Module 4: Assessing Research Claims (4 TYPES OF VALIDITY (1. EXTERNAL:…
Module 4: Assessing Research Claims
Being manipulated (randomly assign different levels) in an experiment. Only for causal research.
Remains stable (e.g. MVA victims as a constant for an Inclusion Criteria)
Each participant has equal chance of being assigned to different levels of IV = equivalent groups. Presume groups are equivalent at beginning of experiment; any change after is caused by IV.
TYPES OF VARIABLES:
Undesirable; influence relationship between variables of interest. Influence in outcome of experiment by adding variance to data (harder to find significant effect, reduces likelihood of false positive). Control by R.A (potentially CV if no RA)!
Undesirable; covaries with levels of IV. Not sure if change due to variable of interest or confound. Impacts whether/not you can draw causal claim. Happens when NO R.A.
What you're interested in that is inherent in a participant. CON: groups start out different, no random assignment. Only measure, not manipulate = Only correlational, not causal.
Ex: Gender, SES, Weight, etc.
3 TYPES OF CLAIMS
Argue 2+ variables are correlated in some way. Not necessarily causal (i.e. spurious correlation). Where someone sits on one variable, based on another. Stronger correlation = more accurate prediction (but prediction error is inevitable).
Ex: Sleep deprivation tied to low GPA in post-secondary students.
When 2+ variables are correlated, such that Variable X causes the associated change in Variable Y (+, -, curvilinear)
Variables are significantly correlated
2. Temporal Precedence:
Causal variable came first, the outcome came later.
3. Internal Validity:
No alternate explanations exist for this relationship. Achieved through experimental controls, random assignment between all groups.
Rate/level of a particular variable being measured (not manipulated). No inferences or causal conclusions.
Ex: 45% of retired Canadians live in a long-term care facility.
4 TYPES OF VALIDITY
Does the operationalization of abstract construct actually capture the construct? Difference between inference at operational vs. conceptual level.
Did the researcher draw proper conclusions of the data?
a.) Proper treatment of data
(use right measurement scale, stats, test for variance, was N big enough?)
b.) Soundness of conclusions
(find what they expected?)
= False Alarm (something happened, but it didn't). Study isn't set up properly (construct validity, sampling, etc).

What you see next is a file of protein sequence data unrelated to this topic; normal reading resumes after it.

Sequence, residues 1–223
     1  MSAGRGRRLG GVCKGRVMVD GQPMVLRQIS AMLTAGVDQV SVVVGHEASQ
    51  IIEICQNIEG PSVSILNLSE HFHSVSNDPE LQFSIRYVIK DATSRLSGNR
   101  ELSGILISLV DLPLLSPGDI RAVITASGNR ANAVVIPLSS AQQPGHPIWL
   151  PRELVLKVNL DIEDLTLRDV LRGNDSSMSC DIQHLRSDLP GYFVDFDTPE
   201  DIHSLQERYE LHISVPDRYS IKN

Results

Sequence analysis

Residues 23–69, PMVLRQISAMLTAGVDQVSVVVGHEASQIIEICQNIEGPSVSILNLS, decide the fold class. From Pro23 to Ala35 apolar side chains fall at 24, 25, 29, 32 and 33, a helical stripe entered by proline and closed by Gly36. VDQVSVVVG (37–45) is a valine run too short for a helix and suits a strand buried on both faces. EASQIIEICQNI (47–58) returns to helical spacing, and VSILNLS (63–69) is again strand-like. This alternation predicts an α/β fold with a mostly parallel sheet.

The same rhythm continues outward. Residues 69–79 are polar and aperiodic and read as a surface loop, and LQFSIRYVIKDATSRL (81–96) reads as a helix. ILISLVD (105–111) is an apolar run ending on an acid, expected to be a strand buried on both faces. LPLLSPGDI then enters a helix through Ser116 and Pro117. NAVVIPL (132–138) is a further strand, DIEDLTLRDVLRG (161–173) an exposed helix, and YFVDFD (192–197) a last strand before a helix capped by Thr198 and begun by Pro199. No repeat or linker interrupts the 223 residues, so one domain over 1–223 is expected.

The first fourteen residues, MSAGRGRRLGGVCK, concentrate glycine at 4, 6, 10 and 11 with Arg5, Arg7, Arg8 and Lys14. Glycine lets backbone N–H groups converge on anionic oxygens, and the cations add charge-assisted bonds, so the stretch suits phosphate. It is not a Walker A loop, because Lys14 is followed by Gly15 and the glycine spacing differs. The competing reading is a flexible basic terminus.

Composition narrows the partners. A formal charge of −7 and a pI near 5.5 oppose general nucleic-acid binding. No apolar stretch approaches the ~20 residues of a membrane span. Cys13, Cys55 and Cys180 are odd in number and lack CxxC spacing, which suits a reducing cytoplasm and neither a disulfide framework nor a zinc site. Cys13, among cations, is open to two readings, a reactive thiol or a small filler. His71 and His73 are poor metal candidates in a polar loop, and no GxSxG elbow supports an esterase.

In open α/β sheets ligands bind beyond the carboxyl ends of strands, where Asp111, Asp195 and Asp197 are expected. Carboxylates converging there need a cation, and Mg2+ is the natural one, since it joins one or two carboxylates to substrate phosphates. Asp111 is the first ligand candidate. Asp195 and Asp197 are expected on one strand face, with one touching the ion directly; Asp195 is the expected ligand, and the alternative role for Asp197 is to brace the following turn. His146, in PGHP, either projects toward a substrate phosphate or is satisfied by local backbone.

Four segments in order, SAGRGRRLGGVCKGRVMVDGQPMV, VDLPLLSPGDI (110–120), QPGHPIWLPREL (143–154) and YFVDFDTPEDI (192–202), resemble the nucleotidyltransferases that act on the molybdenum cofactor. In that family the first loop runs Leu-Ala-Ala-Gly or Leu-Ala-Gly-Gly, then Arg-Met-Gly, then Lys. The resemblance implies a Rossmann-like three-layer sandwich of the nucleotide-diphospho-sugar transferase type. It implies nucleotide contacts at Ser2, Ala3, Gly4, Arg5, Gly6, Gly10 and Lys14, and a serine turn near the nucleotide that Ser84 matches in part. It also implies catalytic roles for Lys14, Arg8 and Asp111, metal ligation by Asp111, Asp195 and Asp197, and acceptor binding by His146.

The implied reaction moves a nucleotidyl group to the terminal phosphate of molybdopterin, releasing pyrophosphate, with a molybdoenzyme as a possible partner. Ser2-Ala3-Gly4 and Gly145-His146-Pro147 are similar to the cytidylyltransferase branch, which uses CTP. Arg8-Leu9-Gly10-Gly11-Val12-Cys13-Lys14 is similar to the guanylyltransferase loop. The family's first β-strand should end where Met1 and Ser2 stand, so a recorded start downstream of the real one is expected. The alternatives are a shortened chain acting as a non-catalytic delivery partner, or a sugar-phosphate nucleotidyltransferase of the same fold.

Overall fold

= Failed to find something that you should have. Not enough stat power, N not high enough >> power analysis.
Generalizability of results into real-world.
c.) ECOLOGICAL EXPERIENCE
of participants in lab maps out to real world
Mundane Reality vs Psychological Realism:
(Aronson: Participants encaptured by experiment will behave more naturally - Milgram Experiment, Stanford Prison Experiment - wanting to perform) > Cover story, reward
with different pops, tasks, settings.
b.) CONVERGING EVIDENCE:
Different sources converging on same answer.
(1. Happen in real world? [CV] 2. Does something that affects Beh A also affect Beh B? [DV]),
Ruled out all alternative explanations for findings (IV, random assignment, counterbalancing, control). Needed in order to make causal claim.
ELLIOT ET AL:
Tested ideas across different populations (US, Germany, University + HS). Cultures where red = danger. Control colours.
Is maze running heritable? 17 forks (need to be learned) by Bright & Dull rats. Interbred for 21 generations (starting from Gen 0). Measure average # errors made by each rat generation. CONCLUSION: Heredity is responsible for intelligence.
Construct Validity (is it really intelligence?) Statistical Validity (Are there just a few really bright rats - outliers? By Gen 7, almost every single Bright Rat performed better than Dull Rat).
Something that varies across at least 2 levels (e.g. cell phone use/not)
Concretizing an abstract concept (e.g. levels of depression). Standardizing something, thereby allowing for replication.